Furthermore, to meet the dual demands of commercial activities and scientific research, Zhang et al. (2021) [27] of the Chinese Academy of Meteorological Sciences upgraded the original LFEDA hardware. A new generation of low-power real-time detection substations based on FPGA real-time signal processing technology that are powered by solar energy with a power consumption of 10~24 W was developed, as shown in Figure 4. Each substation can be used to extract discharge signal features and has the capability of storing the original waveform. The pulse features of the substation are transmitted to the cloud center station in real time, and a TOA or GPU three-dimensional algorithm is used for real-time positioning and display. This has led to the development of a real-time total lightning positioning network based on LF signals: the real-time LF electric field detection array (RT_LFEDA), which also has some channel mapping capability (see Figure 4b) [27].
In addition, the Institute of Atmospheric Physics of the Chinese Academy of Sciences developed precision positioning technology [37] on the basis of the original BLNET, and a three-dimensional LF lightning location network with eight stations was established in Binzhou, Shandong Province. The system uses three kinds of antennas—dE/dt, fast electric field and slow electric field—and carries out synchronous acquisition through a spectrum multichannel data acquisition card. To achieve both recording efficiency and continuous storage, the ABA acquisition mode was used. As a double time-based digital acquisition mode, it combines the fast acquisition of trigger events (B time-based) with continuous slow acquisition (A time-based). Based on waveform postprocessing, the TOA localization algorithm was combined with particle swarm optimization (PSO) for positioning, which has channel positioning capability for some lightning, and the average horizontal positioning accuracy, as evaluated by triggered lightning, was approximately 105 m.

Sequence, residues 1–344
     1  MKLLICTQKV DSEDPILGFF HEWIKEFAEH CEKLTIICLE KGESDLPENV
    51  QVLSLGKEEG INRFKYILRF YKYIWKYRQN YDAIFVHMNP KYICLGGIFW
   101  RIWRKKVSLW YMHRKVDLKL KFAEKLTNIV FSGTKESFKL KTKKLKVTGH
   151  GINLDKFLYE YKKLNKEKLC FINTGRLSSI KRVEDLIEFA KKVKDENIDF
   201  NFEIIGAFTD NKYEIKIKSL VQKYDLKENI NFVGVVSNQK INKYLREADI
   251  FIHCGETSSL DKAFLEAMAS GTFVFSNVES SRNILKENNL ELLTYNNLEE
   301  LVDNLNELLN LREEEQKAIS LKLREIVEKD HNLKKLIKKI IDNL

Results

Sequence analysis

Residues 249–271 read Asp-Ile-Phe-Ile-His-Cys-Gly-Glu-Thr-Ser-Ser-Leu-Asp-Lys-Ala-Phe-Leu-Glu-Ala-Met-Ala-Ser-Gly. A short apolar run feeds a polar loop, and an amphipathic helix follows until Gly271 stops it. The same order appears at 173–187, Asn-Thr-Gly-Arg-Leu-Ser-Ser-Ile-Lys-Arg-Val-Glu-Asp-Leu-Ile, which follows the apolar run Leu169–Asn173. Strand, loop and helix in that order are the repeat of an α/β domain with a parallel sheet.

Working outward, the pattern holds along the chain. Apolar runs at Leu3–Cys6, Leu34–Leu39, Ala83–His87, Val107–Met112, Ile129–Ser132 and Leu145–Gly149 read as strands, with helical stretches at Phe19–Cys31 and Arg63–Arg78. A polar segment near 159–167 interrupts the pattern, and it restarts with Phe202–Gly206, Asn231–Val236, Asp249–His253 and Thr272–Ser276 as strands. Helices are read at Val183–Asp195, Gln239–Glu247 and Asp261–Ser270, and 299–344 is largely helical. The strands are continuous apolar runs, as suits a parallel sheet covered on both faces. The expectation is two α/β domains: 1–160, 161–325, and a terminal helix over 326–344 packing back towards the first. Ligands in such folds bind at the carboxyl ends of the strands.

3. Lightning Location Technology Based on VHF Signals